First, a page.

He missed Blaine more and more every day, and it was worse seeing and feeling him so near.
Today, however, Kurt couldn’t feel him. He seemed far away, or at least out of reach. But he tried to not let it trouble him. I shouldn’t ever let it trouble me, Kurt reminded himself; he needed to push Blaine out.
It was something Kurt needed to do for himself. He had to go on living his life contentedly as he once did before he met Blaine. One person, soulmate or not shouldn’t take that autonomy away from you. It goes against not only everything he believes but it makes him feel insignificant.
Kurt never wanted to be defined by anyone else except for his father. But maybe he didn’t need that, either. He didn’t need anyone, or at least he wished he didn’t.
There wasn’t a person in sight as Kurt walked out of headquarters and down a deserted alley to be finally be alone, deciding to take the long way home.
He waited for his mind to rejoin his solidarity and continue his contemplation about himself and his life when he realized he wasn’t alone. A figure was walking toward him. Kurt squinted, trying to make out a face.
“You,” Kurt practically snarled, feeling his face heat with a combination of strong emotion.
It was the psychic, or whatever she was that he had met a while back when he went searching for answers, except she looked quite a bit different; simpler clothing of a tank top and a long skirt with combed out hair.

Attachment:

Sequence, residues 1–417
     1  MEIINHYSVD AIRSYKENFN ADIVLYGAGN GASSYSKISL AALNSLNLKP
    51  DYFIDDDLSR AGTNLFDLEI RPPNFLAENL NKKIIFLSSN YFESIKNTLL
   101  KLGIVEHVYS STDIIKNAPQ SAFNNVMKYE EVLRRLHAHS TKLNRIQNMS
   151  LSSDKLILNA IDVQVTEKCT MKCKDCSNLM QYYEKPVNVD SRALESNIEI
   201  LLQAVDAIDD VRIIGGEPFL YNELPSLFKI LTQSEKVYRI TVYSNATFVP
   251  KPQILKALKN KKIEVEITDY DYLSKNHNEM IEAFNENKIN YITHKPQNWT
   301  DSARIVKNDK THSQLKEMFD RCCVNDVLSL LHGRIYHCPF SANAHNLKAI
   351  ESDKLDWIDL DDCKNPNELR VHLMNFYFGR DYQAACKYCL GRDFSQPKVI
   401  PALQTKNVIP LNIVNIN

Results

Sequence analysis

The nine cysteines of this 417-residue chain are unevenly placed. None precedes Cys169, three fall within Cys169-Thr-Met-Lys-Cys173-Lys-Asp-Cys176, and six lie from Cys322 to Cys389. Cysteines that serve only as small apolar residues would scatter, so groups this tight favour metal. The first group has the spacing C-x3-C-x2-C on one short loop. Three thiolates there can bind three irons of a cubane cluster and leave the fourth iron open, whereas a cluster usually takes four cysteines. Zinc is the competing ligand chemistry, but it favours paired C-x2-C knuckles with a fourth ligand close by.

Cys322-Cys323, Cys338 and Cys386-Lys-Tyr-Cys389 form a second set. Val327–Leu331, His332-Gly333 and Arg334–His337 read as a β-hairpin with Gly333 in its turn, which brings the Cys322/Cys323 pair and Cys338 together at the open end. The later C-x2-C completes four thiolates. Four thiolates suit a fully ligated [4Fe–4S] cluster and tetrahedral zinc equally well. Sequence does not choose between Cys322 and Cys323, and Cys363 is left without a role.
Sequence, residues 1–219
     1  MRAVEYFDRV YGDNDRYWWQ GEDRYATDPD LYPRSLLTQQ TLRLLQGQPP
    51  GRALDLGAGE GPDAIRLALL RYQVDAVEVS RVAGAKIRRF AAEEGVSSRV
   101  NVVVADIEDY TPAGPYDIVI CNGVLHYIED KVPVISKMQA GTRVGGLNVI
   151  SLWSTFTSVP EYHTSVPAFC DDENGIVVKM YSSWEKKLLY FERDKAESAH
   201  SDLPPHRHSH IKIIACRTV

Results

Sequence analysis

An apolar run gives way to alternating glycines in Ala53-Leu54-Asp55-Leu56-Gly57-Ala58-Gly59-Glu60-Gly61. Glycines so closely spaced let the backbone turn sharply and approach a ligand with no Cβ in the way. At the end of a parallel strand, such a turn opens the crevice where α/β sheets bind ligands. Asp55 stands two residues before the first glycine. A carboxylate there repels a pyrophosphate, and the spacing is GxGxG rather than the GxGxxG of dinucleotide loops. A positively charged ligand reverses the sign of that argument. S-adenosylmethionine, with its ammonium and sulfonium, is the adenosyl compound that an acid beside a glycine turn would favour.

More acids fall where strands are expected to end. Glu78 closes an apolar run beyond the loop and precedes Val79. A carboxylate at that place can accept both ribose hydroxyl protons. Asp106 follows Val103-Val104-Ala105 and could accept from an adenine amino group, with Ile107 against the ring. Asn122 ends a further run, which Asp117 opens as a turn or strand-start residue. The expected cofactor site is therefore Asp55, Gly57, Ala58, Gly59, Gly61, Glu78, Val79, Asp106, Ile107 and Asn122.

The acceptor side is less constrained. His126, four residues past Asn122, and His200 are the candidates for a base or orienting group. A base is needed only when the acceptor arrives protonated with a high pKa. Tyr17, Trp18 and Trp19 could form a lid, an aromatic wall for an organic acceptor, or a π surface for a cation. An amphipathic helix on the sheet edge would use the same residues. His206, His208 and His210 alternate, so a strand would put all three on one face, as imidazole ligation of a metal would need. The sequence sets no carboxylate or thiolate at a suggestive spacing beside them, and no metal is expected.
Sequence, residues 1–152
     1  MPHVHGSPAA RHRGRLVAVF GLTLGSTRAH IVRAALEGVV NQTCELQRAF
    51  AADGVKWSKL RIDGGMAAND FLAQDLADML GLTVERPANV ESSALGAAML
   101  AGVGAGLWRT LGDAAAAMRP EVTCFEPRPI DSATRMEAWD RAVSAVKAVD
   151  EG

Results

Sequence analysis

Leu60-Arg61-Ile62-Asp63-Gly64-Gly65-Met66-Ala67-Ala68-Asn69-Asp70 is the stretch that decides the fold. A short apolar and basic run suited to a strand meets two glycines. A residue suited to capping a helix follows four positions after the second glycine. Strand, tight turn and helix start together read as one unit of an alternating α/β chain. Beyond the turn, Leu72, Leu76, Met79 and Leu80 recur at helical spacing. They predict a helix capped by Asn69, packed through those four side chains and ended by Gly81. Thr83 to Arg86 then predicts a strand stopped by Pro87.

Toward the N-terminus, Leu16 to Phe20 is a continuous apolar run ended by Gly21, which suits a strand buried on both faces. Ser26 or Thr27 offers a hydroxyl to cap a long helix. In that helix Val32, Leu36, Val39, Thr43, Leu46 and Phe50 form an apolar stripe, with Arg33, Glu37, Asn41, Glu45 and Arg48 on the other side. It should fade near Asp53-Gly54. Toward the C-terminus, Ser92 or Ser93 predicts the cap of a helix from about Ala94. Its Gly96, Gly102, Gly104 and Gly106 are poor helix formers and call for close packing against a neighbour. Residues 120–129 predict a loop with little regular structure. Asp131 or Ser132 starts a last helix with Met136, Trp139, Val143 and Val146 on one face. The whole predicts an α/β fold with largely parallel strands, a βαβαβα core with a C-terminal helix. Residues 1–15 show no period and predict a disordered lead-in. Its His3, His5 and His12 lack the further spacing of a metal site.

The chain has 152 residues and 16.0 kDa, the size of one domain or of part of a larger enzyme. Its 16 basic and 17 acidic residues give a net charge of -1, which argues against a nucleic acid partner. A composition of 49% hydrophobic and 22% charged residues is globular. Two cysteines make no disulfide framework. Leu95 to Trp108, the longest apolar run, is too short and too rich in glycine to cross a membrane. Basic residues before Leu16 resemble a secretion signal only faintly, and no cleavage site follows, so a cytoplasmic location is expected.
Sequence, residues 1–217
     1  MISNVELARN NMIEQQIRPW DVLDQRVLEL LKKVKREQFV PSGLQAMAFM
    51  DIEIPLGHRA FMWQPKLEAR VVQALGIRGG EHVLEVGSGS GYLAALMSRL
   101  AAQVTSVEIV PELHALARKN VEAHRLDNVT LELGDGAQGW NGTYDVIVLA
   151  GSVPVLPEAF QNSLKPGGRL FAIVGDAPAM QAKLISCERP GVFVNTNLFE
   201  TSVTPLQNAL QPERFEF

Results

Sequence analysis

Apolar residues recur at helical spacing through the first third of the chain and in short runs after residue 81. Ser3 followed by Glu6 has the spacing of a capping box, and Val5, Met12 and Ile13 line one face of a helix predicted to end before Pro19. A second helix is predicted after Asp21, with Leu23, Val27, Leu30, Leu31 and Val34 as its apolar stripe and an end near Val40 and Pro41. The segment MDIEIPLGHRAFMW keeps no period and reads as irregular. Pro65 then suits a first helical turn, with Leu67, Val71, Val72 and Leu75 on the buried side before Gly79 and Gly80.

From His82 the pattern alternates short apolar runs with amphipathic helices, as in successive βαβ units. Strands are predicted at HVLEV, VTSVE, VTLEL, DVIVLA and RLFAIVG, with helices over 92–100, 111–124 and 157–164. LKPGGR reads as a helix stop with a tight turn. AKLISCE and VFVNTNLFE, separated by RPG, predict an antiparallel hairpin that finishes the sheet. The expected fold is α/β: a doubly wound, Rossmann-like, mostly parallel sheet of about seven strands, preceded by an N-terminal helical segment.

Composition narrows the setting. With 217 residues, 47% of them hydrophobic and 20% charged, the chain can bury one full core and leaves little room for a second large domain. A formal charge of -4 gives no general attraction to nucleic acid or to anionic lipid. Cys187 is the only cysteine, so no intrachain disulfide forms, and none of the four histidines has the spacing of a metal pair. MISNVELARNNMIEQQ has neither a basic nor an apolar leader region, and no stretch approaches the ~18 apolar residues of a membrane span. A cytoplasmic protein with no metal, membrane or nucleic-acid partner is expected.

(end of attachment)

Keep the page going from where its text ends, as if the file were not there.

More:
She wore nothing but a dark blue handkerchief on her left wrist.
“Kurt,” she greeted much more warmly than he had to begin with. She pushed the sunglasses she wore up her head, her entire expression relieved and utterly caring. Kurt didn’t understand it.
"What are you doing here?" Kurt said coldly, walking briskly past her like she was merely a gust of wind. "Wanting to read my fortune? Take my money?"
"No," she replied calmly, keeping pace with him, putting her arm out in attempt to slow him down. "I don’t have much time-"
"Oh are they coming again?” Kurt mocked. “Maybe it’s just the voices in your head-“
"They who I speak of are a very real threat," she interjected heatedly. "More than you will ever know."
"I don’t have time for this," Kurt sighed, pushing past her.
“Kurt Elizabeth Hummel!”
He stopped in his tracks, mouth agape as her shrieks echoed off the cobblestones. He turned to look at her stern expression, not even beginning to comprehend how she knew his entire name.